December 9, 2021: After a vote among employees, the Elwood Starbucks in Buffalo becomes the first location to officially form a union, winning 19 to 8.
January 31, 2022: Unionization spreads quickly across domestic Starbucks stores, with employees at 54 stores pursuing union elections just a month after the first election.
August 18, 2022: A Tennessee judge finds that Starbucks engaged in unlawful activities in labor negotiations and issues an injunction requiring the company to rehire seven workers who were unlawfully fired at a Memphis location.
February 8, 2023: Sanders invites Schultz to testify before congress about Starbucks’ attempts to prevent labor organizing.
February 14, 2023: Schultz declines the invitation, saying his impending exit from the company prevents him from speaking on the subject.
February 22, 2023: Schultz blames unionization efforts on adverse economic conditions for young people in a wide-ranging CNN interview.
March 8, 2023: Sanders calls off a vote to subpoena Schultz, after the executive agreed to appear at a March 29 hearing about efforts to prevent labor organizing at his stores.
March 23, 2023: Starbucks will hold its general annual meeting, where the New York City Comptroller and other investors urge shareholders to vote for an independent assessment of the company’s labor practices.
This aggressive inquiry is the latest move by Sanders, an avowed democratic socialist, to hold large corporations accountable. After 30 years in Congress, as well as two presidential bids, Sanders may have the most powerful position of his career as chairman of the senate labor committee, and he knows it.
Sanders has been aggressive right out of the gate, saying some corporations “should be nervous,” and vowing to take on pharmaceutical companies and the country’s “dysfunctional” healthcare system. While it is unclear how much actual legislation he will get passed with a Republican-led House, (or, for that matter, a Democratic-controlled Senate), Sanders understands his new position gives him a highly-visible role in Washington.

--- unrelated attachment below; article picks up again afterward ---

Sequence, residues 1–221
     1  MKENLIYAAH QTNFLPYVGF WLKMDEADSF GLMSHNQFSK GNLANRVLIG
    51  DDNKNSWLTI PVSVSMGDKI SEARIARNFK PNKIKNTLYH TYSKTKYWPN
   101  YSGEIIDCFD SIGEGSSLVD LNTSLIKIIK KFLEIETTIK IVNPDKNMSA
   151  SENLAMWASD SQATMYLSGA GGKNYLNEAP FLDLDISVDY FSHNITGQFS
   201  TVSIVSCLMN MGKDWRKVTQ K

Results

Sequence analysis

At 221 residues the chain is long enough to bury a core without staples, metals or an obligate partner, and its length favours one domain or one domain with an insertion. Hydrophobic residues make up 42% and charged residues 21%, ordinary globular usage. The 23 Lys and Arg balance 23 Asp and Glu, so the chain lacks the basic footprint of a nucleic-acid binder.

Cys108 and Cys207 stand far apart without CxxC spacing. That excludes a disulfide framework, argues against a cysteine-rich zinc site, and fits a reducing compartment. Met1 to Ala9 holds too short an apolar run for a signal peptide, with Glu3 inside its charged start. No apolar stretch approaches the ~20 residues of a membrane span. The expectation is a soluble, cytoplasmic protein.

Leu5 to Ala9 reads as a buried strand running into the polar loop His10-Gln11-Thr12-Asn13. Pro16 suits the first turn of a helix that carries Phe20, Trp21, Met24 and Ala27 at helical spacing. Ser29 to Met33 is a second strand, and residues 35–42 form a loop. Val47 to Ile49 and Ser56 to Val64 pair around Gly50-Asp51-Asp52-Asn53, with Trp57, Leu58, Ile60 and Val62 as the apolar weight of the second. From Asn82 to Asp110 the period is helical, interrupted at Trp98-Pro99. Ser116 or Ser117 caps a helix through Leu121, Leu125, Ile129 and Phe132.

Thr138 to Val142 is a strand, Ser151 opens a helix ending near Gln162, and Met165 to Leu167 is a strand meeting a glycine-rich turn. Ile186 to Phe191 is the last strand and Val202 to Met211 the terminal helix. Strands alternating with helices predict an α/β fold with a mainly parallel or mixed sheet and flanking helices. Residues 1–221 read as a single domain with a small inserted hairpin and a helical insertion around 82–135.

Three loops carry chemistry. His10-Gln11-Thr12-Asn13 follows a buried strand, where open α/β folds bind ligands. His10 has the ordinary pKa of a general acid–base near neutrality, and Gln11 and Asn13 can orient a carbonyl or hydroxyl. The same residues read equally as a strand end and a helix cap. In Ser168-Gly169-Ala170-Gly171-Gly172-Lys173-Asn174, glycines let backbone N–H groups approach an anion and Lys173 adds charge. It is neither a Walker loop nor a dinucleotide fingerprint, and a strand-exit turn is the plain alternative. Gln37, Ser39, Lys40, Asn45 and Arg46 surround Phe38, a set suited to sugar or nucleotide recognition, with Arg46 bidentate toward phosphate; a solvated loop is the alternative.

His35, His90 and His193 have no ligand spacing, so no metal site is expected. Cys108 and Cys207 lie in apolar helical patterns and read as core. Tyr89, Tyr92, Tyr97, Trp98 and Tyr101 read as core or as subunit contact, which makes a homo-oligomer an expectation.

“I am chairman of the committee and I want to accomplish as much as I can,” Sanders said. “On the other hand, there are issues out there that I do not expect will be passed in this Congress, but are very important and they have to be talked about.”
For instance, last month Sanders hosted a press conference alongside railroad unions to demand a minimum of seven guaranteed paid sick days for rail workers. A week later he invited public school employees and representatives from teacher’s unions to the capitol for a town hall on teacher pay.
Fellow committee member Mitt Romney, a Republican senator from Utah, has criticized Sanders’ approach to the chairmanship, dismissing it as “a lot of storm and fury” while predicting that “very little [legislation] will reach the floor.”
Editor’s note: An earlier version of this article incorrectly suggested Schultz had been subpoenaed to go before the Senate committee. The scheduled vote over whether to subpoena him was called off after Schultz agreed to appear. It also contained out-of-date numbers. The average hourly wage for a Starbucks employee in 2023 is $17.50, not $17; the total number of employees is 235,000 not 245,000. The article has been corrected.